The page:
San Tan Mountain Regional Park activists hope a public meeting today will calm the uproar over a proposed Boy Scouts of America-run youth campground at the park.
Proponents of the campground say it would provide a recreational haven for area youths, while detractors argue the campground's exclusive nature would make it an unconstitutional use of public land.
San Tan Mountains Pride association president Alden Rosbrook said he has received several complaints from area residents who think the campground is already under construction, even though the Boy Scouts' proposal has not yet been submitted to Maricopa County for consideration.
"The misinformation and confusion about this thing is unbelievable," Rosbrook said. "I'm afraid that this meeting . . . might end up being a lot of people yelling and screaming, because these people are passionate about it."
Rosbrook said most concerns center on access to the campground and whether it will be exclusively for youth groups. Some others have reported erroneously that a proposed parking lot — unrelated to the campground — is already under construction nearby, he said.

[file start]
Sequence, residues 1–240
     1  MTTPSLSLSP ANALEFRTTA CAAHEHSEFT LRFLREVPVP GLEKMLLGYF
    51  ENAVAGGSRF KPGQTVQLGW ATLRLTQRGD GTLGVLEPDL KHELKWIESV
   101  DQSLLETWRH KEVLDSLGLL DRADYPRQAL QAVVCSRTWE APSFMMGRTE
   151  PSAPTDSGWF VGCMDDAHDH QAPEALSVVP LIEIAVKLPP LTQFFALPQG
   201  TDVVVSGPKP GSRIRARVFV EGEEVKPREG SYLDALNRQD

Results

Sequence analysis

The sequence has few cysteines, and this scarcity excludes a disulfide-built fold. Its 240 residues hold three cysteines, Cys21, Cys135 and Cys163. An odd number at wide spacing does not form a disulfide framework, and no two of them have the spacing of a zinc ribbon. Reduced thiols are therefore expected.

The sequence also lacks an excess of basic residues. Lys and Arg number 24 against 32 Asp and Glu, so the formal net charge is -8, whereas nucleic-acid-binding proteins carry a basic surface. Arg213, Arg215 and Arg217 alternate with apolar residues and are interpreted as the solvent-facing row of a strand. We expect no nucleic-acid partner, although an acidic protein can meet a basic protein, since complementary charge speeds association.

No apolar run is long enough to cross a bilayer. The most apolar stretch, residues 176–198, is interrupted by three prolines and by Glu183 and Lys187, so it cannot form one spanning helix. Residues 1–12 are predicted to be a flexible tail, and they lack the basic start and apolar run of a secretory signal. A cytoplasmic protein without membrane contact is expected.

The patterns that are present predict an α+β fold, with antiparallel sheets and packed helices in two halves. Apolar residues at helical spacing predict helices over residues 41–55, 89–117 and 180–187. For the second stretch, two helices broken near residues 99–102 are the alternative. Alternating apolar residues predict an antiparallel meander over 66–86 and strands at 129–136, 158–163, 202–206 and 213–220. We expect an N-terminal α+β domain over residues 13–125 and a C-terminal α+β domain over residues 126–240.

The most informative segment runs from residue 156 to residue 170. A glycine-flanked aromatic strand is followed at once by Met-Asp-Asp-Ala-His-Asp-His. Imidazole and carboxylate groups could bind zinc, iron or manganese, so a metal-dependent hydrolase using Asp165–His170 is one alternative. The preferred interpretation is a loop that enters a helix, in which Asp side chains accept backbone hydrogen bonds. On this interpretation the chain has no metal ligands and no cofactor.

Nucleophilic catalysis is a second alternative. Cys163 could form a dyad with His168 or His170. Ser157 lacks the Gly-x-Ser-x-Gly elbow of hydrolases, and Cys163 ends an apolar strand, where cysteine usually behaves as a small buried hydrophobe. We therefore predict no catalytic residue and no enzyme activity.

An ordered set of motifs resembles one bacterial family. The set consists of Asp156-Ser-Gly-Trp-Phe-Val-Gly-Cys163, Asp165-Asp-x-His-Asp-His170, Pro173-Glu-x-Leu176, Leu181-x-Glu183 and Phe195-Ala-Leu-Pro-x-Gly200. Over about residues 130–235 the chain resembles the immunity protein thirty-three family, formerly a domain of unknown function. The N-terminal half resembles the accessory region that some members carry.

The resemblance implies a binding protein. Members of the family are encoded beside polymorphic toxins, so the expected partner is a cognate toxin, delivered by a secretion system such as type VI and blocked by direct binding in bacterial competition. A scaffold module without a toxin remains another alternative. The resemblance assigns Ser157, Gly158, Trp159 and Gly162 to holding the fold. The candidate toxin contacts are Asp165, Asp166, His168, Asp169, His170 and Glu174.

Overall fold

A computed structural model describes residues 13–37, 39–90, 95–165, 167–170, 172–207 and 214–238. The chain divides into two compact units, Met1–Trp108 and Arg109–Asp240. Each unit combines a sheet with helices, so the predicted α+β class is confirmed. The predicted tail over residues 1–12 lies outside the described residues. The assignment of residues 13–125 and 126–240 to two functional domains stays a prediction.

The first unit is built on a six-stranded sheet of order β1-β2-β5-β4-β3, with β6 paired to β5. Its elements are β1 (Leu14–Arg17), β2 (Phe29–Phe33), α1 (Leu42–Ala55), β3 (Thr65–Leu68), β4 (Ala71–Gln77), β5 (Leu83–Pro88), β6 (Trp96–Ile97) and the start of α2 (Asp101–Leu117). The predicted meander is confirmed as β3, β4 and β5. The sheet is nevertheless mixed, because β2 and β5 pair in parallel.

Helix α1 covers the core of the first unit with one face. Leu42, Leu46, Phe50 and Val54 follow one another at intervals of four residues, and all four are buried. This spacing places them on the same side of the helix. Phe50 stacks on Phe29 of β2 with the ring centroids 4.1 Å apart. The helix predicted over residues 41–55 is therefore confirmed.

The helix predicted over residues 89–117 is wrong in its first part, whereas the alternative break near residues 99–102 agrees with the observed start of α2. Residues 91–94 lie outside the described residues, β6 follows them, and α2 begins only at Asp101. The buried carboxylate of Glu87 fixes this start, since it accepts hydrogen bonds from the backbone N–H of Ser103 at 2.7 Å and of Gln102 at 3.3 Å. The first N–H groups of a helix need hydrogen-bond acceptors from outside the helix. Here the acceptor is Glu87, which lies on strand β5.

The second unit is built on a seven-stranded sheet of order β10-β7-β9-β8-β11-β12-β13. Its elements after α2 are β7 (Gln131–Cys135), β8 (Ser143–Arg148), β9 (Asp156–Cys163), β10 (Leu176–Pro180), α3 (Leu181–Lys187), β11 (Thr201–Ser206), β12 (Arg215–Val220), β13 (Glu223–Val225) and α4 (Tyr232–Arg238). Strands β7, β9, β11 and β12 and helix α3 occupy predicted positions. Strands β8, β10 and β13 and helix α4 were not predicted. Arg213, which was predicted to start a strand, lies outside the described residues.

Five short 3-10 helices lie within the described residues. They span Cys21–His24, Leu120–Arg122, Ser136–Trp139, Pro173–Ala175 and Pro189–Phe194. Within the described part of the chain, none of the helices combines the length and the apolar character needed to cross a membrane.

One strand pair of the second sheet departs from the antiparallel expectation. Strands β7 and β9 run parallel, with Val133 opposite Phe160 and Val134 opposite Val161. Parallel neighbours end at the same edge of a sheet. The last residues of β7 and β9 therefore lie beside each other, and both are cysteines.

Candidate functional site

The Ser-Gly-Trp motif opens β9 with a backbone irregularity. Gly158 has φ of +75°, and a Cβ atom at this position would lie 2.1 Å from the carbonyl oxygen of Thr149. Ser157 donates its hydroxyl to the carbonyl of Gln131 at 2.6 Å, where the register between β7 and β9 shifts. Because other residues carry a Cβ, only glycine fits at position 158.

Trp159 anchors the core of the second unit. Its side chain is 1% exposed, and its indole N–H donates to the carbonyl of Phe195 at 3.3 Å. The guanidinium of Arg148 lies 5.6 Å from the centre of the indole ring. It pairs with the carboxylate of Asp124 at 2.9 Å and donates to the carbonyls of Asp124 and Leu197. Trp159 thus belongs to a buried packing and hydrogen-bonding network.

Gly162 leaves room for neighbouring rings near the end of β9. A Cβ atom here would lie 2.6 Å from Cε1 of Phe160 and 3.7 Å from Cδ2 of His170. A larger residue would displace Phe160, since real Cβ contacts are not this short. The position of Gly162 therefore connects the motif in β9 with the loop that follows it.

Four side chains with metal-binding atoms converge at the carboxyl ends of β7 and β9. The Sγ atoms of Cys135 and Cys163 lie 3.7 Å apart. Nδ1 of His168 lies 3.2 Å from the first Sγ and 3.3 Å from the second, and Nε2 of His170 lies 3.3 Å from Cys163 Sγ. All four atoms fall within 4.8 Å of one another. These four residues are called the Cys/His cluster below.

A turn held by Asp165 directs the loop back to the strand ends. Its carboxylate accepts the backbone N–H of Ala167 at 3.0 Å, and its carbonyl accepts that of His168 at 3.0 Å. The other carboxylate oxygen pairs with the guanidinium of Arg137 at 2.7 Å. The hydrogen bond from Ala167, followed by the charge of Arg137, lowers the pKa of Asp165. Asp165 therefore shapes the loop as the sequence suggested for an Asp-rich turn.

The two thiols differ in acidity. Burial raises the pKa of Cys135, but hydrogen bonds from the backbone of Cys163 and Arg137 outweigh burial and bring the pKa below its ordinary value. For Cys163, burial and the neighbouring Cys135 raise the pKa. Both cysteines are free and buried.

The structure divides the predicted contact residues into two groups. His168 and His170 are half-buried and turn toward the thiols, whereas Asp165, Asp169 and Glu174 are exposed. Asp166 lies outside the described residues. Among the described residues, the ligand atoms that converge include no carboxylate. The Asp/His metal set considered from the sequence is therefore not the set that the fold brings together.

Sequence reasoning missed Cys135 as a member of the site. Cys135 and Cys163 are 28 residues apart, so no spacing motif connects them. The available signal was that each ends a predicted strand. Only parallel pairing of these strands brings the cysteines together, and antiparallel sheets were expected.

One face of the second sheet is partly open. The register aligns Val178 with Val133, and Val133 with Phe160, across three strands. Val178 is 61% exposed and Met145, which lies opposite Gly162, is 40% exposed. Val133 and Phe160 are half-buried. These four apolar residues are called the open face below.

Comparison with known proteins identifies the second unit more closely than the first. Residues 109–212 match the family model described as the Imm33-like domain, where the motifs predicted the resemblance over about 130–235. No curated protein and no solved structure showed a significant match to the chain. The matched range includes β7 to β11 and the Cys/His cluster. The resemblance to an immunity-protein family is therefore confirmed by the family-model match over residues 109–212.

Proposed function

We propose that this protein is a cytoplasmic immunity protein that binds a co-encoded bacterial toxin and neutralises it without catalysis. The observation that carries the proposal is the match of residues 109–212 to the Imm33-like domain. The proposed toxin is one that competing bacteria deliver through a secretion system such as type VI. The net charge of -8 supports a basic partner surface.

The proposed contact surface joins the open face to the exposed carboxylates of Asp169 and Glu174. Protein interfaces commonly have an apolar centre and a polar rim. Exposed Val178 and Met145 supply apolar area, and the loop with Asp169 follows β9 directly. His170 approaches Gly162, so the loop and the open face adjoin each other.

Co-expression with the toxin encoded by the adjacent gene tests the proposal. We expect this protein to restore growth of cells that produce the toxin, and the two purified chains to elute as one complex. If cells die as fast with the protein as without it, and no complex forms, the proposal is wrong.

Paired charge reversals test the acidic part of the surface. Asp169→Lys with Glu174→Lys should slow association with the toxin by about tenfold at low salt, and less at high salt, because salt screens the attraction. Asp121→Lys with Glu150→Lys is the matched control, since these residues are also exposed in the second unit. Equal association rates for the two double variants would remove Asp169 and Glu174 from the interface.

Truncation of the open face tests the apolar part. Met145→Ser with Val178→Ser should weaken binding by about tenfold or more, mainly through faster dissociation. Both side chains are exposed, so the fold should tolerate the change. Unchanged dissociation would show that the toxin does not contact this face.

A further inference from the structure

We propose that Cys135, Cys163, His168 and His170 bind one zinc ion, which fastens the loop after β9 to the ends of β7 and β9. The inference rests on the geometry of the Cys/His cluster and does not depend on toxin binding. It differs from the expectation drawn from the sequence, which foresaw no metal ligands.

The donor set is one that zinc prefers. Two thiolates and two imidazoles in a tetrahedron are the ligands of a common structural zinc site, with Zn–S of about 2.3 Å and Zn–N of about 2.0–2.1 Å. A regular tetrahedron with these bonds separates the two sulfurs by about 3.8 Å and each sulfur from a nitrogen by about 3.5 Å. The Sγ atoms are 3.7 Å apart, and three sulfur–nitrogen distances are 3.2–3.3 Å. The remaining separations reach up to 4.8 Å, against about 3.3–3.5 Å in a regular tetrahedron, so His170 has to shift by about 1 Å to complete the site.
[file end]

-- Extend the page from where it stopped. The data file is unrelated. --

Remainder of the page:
Rosbrook said he is in favor of the Boy Scouts campground, as long as the general public also is allowed to use it.
Opponents of the proposal have cited a recent U.S. District Court ruling that the Boy Scouts lease of public park land for an 18-acre camp in San Diego violated the constitutional separation of church and state.
The American Civil Liberties Union sued San Diego and the Boy Scouts in 2000 on behalf of a lesbian couple and an agnostic couple.
Valley resident and real estate agent Bambi Sandquist said she has contacted the ACLU and alerted it to the San Tan park proposal.
"I'll send my stuff to the ACLU and let them fight the government — that's what they do," Sandquist said.
The Boy Scouts have proposed leasing 1,000 acres of San Tan Mountain Regional Park's "south finger" for use as a youth campground. The park is in northern Pinal County but is under Maricopa County Parks and Recreation control.
Although the Scouts would play a key role in operating the campground, Grand Canyon Council chief executive Larry Abbott has said his organization would partner with several other nonprofit groups including Big Brothers and Big Sisters of Central Arizona, Campfire Boys and Girls, Friendly House, Girl Scouts and Special Olympics Arizona.
The updated master plan for the park is scheduled to be unveiled Monday, but county officials said the youth campground wouldn't be included until later, if it is approved.